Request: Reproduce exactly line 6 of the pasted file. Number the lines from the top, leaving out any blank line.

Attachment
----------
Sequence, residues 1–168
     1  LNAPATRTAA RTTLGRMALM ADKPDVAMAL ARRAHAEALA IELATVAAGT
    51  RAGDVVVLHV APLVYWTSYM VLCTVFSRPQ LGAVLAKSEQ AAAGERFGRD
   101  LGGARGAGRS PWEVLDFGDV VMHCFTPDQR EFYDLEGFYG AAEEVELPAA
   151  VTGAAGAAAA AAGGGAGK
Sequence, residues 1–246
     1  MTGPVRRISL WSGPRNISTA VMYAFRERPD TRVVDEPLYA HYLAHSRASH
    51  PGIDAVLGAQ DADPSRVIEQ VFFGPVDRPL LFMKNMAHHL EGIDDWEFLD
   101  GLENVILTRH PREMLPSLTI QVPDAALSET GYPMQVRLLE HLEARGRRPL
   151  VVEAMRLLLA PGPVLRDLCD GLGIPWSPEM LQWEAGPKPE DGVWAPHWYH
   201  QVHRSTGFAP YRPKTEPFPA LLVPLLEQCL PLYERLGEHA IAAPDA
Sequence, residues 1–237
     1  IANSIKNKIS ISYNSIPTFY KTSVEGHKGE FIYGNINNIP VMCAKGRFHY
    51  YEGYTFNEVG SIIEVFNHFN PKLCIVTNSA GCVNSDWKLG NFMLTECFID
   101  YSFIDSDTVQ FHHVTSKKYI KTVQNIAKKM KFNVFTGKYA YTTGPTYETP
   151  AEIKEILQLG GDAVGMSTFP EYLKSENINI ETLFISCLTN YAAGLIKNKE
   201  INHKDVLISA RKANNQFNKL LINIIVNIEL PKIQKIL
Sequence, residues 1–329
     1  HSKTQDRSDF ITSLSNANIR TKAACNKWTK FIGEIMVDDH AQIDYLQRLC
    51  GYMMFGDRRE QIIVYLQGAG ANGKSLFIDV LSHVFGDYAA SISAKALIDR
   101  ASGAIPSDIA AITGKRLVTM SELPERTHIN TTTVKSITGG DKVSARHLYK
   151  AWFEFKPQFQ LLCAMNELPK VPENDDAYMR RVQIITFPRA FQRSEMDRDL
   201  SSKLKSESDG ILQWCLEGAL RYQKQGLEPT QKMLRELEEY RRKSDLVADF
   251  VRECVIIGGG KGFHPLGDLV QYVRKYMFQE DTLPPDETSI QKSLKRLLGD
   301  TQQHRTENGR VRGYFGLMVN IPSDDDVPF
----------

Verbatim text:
Sequence, residues 1–246